The night for me started in intermediate training, as in I was teaching. With Sensei and Wendy gone, Billy and I took over teaching the beginning and intermediate class. We had one student show up for intermediate, and I was able to go in depth with Kihon Kata 1-5 with him, as well as directly relate it to shinai practice by going over drills such as Harai Men, Nuki Do, and Hiki Do. All in all I think things went well, I just hope I didn't confuse him too much! I can definitely ramble about Kendo if given the chance.
Our advanced class started off with about an hour of Nihon Kata practice, and my partner and I worked on 1 (Ipponme) and 2 (Nihonme) in detail. Each of us took turns being Uchidachi and Shidachi, formal opening and closing, and just about every combination of these two kata that we could think of. Along the way Billy and Ando Sensei helped us with some great advice and corrections. Among the points that I took in last night were:
- After Uchidachi strikes me in Ipponme, the two steps back can be either two equal steps, or one small step and one big step. Ando Sensei prefers (as do I) the small step first and then the big step back. The small step allows Shidachi to bring their kensen down right between the eyes, and being so close makes the kata look better, in his opinion.
- When I'm Shidachi I should not take too big a step forward when stepping through to left Jodan. The bokken should be brought up into Jodan position assertively, instead of bringing it up above the head and settling down like when the kata begins.
- When ending each kata, the kensen of each bokken should be the only thing crossing.
- When disengaging after each kata, Uchidachi should have a slow but steady pace while lowering the bokken. Each bokken should stay in contact until being about parallel with the floor, at which point keeping contact is hard to do. At this point the movement down and at an angle is a bit swifter. Kensen should be about knee height. (This is the way that our dojo practices, it is not a universal truth for everyone, since there are many acceptable ways of disengaging after kata)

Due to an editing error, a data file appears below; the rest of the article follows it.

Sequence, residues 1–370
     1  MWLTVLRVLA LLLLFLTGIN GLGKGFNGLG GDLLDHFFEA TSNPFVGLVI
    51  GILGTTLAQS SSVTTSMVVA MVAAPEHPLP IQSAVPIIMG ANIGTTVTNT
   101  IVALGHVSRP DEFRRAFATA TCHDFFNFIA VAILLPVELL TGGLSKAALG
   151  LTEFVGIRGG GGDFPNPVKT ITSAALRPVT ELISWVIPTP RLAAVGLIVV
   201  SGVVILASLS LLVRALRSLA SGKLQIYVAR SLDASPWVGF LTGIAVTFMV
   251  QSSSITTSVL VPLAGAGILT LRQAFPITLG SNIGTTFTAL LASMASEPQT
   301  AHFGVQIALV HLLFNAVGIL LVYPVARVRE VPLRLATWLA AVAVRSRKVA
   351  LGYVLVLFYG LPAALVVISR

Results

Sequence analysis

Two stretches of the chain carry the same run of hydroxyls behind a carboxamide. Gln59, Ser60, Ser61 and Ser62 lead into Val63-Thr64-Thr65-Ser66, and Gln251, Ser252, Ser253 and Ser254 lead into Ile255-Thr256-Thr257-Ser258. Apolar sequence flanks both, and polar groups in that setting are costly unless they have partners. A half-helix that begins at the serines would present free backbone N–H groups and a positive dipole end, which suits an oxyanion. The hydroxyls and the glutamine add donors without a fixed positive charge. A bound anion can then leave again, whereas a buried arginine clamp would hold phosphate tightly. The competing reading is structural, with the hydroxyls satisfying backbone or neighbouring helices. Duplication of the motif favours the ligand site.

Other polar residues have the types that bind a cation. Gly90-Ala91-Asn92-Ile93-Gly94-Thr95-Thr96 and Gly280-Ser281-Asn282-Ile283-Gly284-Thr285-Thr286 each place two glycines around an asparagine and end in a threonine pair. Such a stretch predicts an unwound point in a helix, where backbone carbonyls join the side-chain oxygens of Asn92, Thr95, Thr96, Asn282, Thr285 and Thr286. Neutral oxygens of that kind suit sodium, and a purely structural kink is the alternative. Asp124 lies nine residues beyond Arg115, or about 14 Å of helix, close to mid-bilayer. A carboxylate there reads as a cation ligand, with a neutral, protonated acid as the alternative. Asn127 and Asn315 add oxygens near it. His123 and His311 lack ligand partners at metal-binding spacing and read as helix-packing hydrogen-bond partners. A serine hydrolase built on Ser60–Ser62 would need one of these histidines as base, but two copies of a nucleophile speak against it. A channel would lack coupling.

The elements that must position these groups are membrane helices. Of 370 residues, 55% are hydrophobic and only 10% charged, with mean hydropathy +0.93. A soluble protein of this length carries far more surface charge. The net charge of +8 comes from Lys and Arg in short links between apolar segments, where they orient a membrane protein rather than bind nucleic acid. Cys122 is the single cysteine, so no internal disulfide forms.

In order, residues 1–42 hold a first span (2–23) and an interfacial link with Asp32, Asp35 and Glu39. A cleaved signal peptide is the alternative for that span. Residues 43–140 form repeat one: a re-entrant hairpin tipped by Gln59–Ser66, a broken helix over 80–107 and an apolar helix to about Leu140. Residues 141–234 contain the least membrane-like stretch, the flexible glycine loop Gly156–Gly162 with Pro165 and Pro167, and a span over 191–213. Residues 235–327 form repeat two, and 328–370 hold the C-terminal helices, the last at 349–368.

- On Nihonme I'm still having an issue with flexing my wrists too much and letting my kensen drop too low on my upswing.
During the jigeiko time, I focused on a few pieces of advice that Sensei gave on Saturday during the team training jigeiko (which I'm sure I posted on Saturday). One of the main points I worked on was seeing the openings, both the obvious ones and the openings behind that. Kind of like layers, or curtains, that open up to reveal even more than you see at first. I had a lot of comments on being more aggressive during jigeiko, so for the most part I'm very happy with how I did on that.
The second thing I was working on was to not sit and wait in my hitting distance (Issoku Itto No Maai, or sometimes also referred to as Uchi Maai). Sensei said that when we come into that distance, something should explode. Either I take the initiative and strike, or I force my partner to strike. I shouldn't come in and just wait, or I shouldn't hang out there if I'm trying to pressure my partner into moving and they don't "take the bait." It's a very dangerous place to be, so I tried to either pressure in and strike, counter-attack, or back out if nothing was working.
After kakarigeiko I was dead, I was ready to fall over, but I cheered on my fellow kenshi to finish strong, and afterward we had one final 30-set of hayasuburi to end the night. I can't write in words how good I felt last night, and how satisfied I was with the practice we had. Sometimes I can almost tangibly feel improvement, and last night was one of those nights. This is a very good feeling to have as I move through this week towards our Winter training this weekend!